City Council ends 2018 with legislation rush, but leaves key bills held

Pat Loeb
December 13, 2018 - 9:14 pm

Pat Loeb/KYW Newsradio

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PHILADELPHIA (KYW Newsradio) -- Philadelphia City Council passed more than 40 bills at its final session of 2018, Thursday, but the greatest friction revolved around two bills that it left on the table.

One of the measures would have regulated pharmaceutical sales representatives; another would have approved the sale of a city-owned property in West Philadelphia for development as a health campus.

The pharmaceutical sales bill was held after weeks of intense lobbying by the industry, with help from the Convention and Visitors Center and even local restaurants, and over the pleas of parents who lost children to drug overdoses.

"This bill not only exposes an industry that needs to be scrutinized, it tells me about our priorities," said co-sponsor Cindy Bass. "The only conclusion to be reached is that there is a placement of big business far above the interests and needs of our most vulnerable communities."

The bill would require drug salespeople to register with the city and submit materials they intended to distribute, wear ID when making calls and would prohibit giving free samples or gifts, including meals, to doctors.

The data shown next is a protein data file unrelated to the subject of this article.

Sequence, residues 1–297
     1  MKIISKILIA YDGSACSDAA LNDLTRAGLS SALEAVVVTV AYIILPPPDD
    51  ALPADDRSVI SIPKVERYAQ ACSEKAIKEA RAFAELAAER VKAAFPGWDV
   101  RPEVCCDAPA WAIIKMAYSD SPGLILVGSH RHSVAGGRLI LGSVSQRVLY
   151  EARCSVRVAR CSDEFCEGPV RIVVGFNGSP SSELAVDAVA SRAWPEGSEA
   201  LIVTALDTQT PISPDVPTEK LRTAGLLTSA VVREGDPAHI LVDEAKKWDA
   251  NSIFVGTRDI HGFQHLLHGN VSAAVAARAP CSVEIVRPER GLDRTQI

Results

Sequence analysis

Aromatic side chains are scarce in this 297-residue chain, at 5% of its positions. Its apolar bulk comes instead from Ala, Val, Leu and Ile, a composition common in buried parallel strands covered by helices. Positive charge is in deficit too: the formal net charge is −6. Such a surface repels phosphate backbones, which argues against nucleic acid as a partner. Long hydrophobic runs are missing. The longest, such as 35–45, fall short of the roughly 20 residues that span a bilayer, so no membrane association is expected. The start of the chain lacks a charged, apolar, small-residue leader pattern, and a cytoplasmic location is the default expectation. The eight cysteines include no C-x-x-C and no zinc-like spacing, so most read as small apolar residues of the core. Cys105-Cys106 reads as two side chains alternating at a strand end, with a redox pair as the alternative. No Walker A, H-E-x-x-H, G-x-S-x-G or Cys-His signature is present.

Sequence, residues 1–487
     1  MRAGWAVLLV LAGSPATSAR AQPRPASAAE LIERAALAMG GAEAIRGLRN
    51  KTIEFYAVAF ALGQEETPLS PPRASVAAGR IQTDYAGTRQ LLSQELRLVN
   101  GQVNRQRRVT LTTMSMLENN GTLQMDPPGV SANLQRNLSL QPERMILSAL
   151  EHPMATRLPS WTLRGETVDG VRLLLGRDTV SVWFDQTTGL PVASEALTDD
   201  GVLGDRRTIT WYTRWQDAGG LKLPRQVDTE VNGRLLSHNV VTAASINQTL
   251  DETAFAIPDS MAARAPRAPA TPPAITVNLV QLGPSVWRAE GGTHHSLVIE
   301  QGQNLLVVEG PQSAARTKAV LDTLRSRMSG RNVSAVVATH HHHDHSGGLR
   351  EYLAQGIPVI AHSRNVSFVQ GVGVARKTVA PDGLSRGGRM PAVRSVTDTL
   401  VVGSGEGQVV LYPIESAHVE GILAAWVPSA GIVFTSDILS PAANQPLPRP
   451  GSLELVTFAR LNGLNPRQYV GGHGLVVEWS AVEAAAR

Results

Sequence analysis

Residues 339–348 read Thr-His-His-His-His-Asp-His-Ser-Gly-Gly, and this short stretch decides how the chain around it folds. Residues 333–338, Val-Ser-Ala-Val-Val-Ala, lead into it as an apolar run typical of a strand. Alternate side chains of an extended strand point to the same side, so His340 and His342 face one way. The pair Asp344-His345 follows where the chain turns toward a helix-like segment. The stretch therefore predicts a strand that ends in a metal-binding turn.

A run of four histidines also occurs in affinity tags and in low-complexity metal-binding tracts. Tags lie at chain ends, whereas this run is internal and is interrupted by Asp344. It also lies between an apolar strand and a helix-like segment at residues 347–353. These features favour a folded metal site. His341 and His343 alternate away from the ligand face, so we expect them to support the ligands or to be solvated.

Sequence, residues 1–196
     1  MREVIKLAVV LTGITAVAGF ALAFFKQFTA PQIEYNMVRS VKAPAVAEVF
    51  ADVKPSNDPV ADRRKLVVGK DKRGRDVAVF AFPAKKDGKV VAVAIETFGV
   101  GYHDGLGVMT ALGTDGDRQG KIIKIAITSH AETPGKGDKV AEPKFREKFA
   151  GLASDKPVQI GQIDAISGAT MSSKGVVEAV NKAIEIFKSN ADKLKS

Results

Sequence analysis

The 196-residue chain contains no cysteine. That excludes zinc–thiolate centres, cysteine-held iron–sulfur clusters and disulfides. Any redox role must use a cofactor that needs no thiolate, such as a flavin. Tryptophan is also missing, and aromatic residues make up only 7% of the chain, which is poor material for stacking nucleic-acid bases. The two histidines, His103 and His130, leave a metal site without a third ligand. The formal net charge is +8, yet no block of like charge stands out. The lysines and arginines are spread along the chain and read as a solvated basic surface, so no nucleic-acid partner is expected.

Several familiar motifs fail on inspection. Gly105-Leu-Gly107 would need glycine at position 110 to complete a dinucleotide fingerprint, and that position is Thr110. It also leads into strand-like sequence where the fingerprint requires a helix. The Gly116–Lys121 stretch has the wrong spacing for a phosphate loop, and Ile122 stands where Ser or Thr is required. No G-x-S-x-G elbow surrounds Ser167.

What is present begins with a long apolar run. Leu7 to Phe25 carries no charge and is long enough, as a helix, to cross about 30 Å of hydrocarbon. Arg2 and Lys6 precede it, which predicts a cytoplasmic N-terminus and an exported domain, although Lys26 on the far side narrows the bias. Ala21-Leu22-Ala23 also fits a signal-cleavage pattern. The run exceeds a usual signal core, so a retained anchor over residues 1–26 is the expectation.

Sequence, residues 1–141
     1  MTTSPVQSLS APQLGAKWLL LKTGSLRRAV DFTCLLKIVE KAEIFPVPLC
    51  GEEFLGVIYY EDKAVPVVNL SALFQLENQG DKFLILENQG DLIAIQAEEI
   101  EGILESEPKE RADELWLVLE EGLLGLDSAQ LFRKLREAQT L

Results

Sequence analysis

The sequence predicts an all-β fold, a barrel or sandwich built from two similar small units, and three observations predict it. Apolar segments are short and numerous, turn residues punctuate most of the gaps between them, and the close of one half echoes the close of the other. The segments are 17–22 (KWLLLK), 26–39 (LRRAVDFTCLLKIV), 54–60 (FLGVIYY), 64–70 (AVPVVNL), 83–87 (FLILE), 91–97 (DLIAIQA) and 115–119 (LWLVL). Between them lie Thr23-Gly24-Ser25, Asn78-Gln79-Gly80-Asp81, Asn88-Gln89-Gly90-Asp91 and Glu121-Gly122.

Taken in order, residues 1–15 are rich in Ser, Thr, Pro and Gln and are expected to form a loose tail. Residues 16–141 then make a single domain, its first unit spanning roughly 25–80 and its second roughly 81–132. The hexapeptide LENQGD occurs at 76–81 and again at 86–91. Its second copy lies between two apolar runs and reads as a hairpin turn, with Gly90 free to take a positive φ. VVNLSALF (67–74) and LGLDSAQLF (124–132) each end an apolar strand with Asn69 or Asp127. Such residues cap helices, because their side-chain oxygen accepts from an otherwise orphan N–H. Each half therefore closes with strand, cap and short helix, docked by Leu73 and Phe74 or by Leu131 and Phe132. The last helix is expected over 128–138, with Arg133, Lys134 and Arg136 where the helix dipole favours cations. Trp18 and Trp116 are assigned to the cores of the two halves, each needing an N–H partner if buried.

Bass and co-sponsor Bill Greenlee said the bill was a response to the current opioid epidemic, fueled by the over prescription of painkillers by physicians influenced by drug sales reps, and was intended to prevent a future addiction crisis that might be caused by drugs not yet known.

Elise Schiller testified before the bill was held that her daughter had become addicted after taking painkillers for injuries she suffered as an athlete. She died of an overdose in 2014.

"This is not about denying drugs to people with acute pain," Schiller said. "This is not about destroying Philadelphia's business community. This is about preventing prescribers from having undue influence. It is as human as it can be for someone who's been gifted to feel a sense of reciprocity and that is not okay when we are losing lives the way we are."

Julie Coker Graham, of the Philadelphia Convention and Visitors Bureau, though, testified that the bill would cost the city convention business.